For a more detailed discussion about the structure and function of the waveguide grating-based biosensor 100 reference is made to the following documents:
The contents of these documents are hereby incorporated by reference herein.
Single waveguide grating-based biosensors 100 are commonly used for affinity determination, where probe molecules are immobilized or tethered on the waveguide surface 116 and used as a recognition sites to “fish” out a specific binding target from a sample in the cell medium 114, or to determine the binding affinity with a compound or ligand in the medium 114. With the changing paradigm in the drug discovery space, the number of drug targets is expanding and so is the volume of assay points performed in high-throughput screens. To take advantage of the fluorescent label-free detection capability of the waveguide grating-based biosensor 100 and to meet the industrial demand for high-throughput screens, a microplate which has a two-dimensional (2-D) array of the biosensors 100 located on the bottoms of its wells has been proposed.
The current method of manufacturing the microplate 200 involves vapor deposition of a continuous waveguide film 108 onto a support substrate 110 (e.g., glass 110) presenting grating structured areas 106 (see
Because a continuous waveguide film 108 having separated grating structures 106 formed therein is used in the microplate 200, there can be significant crosstalk between nearby wells 202 that are located in the same column or row. And, due to the nature of the incident light and the coupling to the mode, the cross-talk that is induced by the coupled mode crossing from one sensor 100 to another sensor 100 may be unidirectional. Hence the cross-talk may occur from one well 202 to an adjacent well 202, but not in reverse. However, cross-talk may occur in both directions simultaneously if the nature of the illumination and the waveguide modes defined by the structure are such as to create excitation of more than one mode and/or those modes propagate in opposite directions. In this case, cross-talk between wells 202 may be bi-directional in that responses from two adjacent wells 202 may mutually influence each other. Another possible mechanism for the occurrence of the crosstalk is due to the trapping and propagation of scattered light in the continuous waveguide film; this may result from the many possible reflections in the multi-layer structure in conjunction with the waveguiding ability of the high index film.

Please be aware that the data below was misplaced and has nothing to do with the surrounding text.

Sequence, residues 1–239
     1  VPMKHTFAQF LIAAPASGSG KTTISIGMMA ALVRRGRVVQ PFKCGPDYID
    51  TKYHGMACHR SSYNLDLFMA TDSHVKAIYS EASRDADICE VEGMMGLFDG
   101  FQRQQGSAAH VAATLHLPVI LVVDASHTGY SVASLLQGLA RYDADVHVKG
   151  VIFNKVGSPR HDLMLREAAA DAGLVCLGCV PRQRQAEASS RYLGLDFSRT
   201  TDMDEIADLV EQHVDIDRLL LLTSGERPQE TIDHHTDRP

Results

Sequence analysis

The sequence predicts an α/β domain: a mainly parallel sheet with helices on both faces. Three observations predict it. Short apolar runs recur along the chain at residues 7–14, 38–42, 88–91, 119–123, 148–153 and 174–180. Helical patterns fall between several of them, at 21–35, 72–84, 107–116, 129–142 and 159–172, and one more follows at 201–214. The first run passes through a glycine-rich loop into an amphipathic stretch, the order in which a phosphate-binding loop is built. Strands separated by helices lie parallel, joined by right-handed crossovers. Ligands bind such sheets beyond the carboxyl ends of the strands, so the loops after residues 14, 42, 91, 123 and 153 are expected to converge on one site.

Two experimental examples of crosstalk between nearby wells are shown in
In the past, the problem of crosstalk in microplates could be avoided by interrogating only a few biosensors 100 at one time. For example, the optical interrogation system (not shown) might only interrogate one biosensor 100 at a time. Or, the optical interrogation system might interrogate every other biosensor 100, so as to avoid nearest-neighbor (the most significant) crosstalk. Since the waveguide grating-based biosensors 100 used today typically utilize one-dimensional propagation, the crosstalk can also be much stronger for neighboring wells 202 which are located parallel to the direction of propagation. In such cases, other optical interrogation systems have been designed to simultaneously interrogate neighboring wells 202 only in a direction perpendicular to the propagation direction (e.g. only one row or one column at a time). Unfortunately, all of these approaches necessitate that only a subset of the biosensors 100 in the microplate 200 can be interrogated at a given time. This increases the overall time required to interrogate the entire microplate 200, and undermines the inherent multiplexing capability of the full microplate 200. The microplate 500 and method 600 of the present invention remove this crosstalk barrier which allows the parallel interrogation of all of the biosensors 100 located in the microplate 500.
Some additional features and advantages of using the optical LID system 100 of the present invention are as follows:
Although several embodiments of the present invention have been illustrated in the accompanying Drawings and described in the foregoing Detailed Description, it should be understood that the invention is not limited to the embodiments disclosed, but is capable of numerous rearrangements, modifications and substitutions without departing from the spirit of the invention as set forth and defined by the following claims.
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|Clasificación de EE.UU.||435/283.1, 422/50, 435/6.12|
|Clasificación internacional||G01N1/00, C12Q1/68, C12M1/00|
|Clasificación cooperativa||G01N21/253, G01N21/7743|
|Clasificación europea||G01N21/77B3A, G01N21/25B2|
|7 Abr 2005||AS||Assignment|
Owner name: CORNING INCORPORATED, NEW YORK
Free format text: ASSIGNMENT OF ASSIGNORS INTEREST;ASSIGNORS:FANG, YE;FERRIE, ANN M.;FONTAINE, NORMAN H.;AND OTHERS;SIGNING DATES FROM 20050323 TO 20050404;REEL/FRAME:016458/0192
|29 Ago 2014||REMI||Maintenance fee reminder mailed|
|18 Ene 2015||LAPS||Lapse for failure to pay maintenance fees|
|10 Mar 2015||FP||Expired due to failure to pay maintenance fee|
Effective date: 20150118